WASHINGTON - Bankers got what they asked for in a proposal issued by international regulators this week: the opportunity to tailor capital requirements to each bank's individual risk profile.

Now, Jonathan L. Fiechter of the Office of the Comptroller of the Currency and other U.S. regulators are asking if bankers are really sure that is what they want - and signaling that the regulators may have concerns about the complicated proposal and the effort that would be required to enforce it.

"The $64,000 question is: Does the industry think that this degree of complexity - which we think is probably necessary if you are going to fine-tune the rule - is an approach they are comfortable with?" said Mr. Fiechter, a senior deputy comptroller and member of the Basel Committee that developed the plan.

To have bank examiners ready to assess and approve such complex systems by 2004, when the rule would take effect, "will take a lot of training on the part of our examiners," Mr. Fiechter said.

As early as today, U.S. bank regulators are expected to release a synopsis of a proposed capital rule issued by the Basel Committee on Banking Supervision. The proposal, 133 pages long and accompanied by more than 400 pages of supporting documents, offers an intricate combination of options for banks to use in determining the amount of capital they must hold against outstanding loans.

Mr. Fiechter said the synopsis will include a number of questions that regulators want bankers to bear in mind as they prepare comments, which are due May 31.

He said that in drafting the proposal, regulators struggled to strike a balance between giving banks options and making the rule too difficult to follow. "The more tailored you make the capital charge, the more complex the rule becomes," he said.

Chief among the questions U.S. regulators will ask, he said, is: "Are they comfortable with the balance we reached in the proposal, or would they rather have something that is a little less risk-sensitive and a little easier to follow?"

Capital requirements for corporate loans are a prime example. Current rules impose a straight 8% charge on all such credits. To set capital requirements for a corporate loan under the proposal issued Tuesday, he said, "we would look at the quality of the company and the maturity of the loan, at what kind of collateral there is and whether the company entered into any credit derivatives or guarantees. As you go down that path it becomes pretty complex."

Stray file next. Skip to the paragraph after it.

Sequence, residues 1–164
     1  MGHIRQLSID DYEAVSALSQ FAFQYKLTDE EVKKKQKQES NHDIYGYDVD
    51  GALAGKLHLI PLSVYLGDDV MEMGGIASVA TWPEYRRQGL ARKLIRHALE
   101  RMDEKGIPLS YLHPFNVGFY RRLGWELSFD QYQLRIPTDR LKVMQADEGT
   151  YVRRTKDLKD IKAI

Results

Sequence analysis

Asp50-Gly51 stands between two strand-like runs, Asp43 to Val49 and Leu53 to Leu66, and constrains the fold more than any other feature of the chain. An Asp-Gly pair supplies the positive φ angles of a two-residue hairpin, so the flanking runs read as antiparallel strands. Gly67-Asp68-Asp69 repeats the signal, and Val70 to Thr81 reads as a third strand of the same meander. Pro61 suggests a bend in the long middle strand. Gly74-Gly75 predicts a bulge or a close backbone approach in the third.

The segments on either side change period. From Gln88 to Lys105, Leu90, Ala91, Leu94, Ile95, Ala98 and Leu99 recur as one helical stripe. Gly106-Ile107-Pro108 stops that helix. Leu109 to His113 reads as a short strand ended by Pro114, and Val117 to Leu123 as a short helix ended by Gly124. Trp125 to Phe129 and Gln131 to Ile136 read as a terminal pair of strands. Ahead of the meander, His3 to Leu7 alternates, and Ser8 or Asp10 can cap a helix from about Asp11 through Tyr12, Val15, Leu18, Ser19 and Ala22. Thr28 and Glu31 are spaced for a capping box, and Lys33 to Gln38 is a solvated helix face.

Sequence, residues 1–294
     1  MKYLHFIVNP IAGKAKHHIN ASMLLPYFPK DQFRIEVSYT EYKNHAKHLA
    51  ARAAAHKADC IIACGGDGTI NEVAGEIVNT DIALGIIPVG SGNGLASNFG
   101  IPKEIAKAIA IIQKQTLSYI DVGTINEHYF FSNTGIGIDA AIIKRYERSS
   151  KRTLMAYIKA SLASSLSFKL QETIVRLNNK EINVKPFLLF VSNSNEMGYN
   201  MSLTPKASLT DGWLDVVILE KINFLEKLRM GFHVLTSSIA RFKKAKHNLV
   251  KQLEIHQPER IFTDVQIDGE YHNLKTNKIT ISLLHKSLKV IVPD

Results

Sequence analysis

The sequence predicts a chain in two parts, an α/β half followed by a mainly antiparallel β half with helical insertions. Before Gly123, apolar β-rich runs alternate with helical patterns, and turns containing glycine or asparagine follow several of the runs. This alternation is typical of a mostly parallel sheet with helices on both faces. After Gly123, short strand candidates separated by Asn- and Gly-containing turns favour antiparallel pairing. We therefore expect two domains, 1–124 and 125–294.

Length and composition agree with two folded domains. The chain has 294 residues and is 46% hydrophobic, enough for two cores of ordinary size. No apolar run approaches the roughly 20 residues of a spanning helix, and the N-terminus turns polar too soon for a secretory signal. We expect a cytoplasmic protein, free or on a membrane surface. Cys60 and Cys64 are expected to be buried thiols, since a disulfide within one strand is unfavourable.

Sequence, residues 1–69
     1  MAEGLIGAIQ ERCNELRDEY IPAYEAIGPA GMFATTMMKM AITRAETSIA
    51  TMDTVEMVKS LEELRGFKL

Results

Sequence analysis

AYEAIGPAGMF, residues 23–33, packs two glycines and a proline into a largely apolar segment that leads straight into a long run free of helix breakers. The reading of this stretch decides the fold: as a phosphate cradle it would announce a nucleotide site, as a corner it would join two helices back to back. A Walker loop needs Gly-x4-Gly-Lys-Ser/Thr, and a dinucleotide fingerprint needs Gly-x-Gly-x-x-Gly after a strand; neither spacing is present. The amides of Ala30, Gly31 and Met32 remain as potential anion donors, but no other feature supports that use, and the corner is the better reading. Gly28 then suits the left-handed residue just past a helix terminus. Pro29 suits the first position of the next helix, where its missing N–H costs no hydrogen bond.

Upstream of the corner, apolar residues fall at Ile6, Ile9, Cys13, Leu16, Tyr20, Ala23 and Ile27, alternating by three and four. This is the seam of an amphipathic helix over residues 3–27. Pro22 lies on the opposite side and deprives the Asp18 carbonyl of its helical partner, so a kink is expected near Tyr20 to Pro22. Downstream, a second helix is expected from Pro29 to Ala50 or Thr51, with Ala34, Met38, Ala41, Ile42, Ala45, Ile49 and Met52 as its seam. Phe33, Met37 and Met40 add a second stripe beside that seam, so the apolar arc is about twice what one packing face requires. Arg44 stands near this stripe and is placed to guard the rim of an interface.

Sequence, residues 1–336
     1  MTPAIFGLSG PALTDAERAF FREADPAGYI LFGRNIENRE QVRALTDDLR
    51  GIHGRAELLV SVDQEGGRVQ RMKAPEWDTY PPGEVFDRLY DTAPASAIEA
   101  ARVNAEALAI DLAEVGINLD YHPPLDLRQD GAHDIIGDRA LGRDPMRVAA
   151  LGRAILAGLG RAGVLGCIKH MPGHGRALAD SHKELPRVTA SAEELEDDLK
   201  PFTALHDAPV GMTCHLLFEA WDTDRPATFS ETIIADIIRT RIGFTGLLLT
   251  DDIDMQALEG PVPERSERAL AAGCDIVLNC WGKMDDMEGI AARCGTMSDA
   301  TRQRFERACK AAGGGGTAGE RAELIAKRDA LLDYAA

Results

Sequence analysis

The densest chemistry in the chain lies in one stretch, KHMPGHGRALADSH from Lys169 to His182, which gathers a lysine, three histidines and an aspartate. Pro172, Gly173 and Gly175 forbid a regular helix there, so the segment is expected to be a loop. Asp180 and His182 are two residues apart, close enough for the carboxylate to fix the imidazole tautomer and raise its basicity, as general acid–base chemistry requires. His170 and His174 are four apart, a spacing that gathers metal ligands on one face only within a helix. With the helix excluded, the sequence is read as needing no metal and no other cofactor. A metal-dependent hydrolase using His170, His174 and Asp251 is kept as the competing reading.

It may not be only banks' welfare that regulators are looking after. To hear Mr. Fiechter tell it, regulators might be excused for hoping, for their own sake, that banks band together and demand simpler rules.

As written, it "will put a tremendous burden on both our examiners as well as the banks if we are going to get this right," he said in an interview Thursday.

The proposal offers three options for setting capital requirements for credit risk. A simplified version, known as the Standardized approach, would base the capital charge for a specific loan on the credit rating of the borrower as determined by a rating agency such as Standard & Poor's or Moody's.

More complicated versions, known as the Foundation and Advanced internal ratings-based approaches, would let banks use their own risk rating systems to help set capital.

At its most advanced, the internal ratings-based approach requires banks to develop systems that calculate both the probability of a borrower's going into default and the likely loss to the bank in the event of default.

Such approaches would provide new challenges to examiners, Mr. Fiechter warned.

"In the past our examiners have looked at loans on the basis of a pass-fail," he said. "If a bank is troubled we are comfortable assessing whether the loan is substandard, doubtful, or a loss. If a loan was performing and there were not signs of difficulty¬Öexaminers didn't spend much time on it."

Under the new proposal, Mr. Fiechter said, examiners may need to be able to categorize performing loans much the way ratings agencies classify creditworthiness.

A final rule is expected by yearend. He noted that some observers have questioned regulators' ability to be ready to enforce it by 2004.

"I think that it will be a major challenge, which we have all agreed to undertake, to get our examiners up to speed," he said. "I think it is doable, but it assumes that we are going to be able to devote a lot of our time and resources to this effort. Let's hope we have a great economy over the next four years so we can devote time to this," he said.

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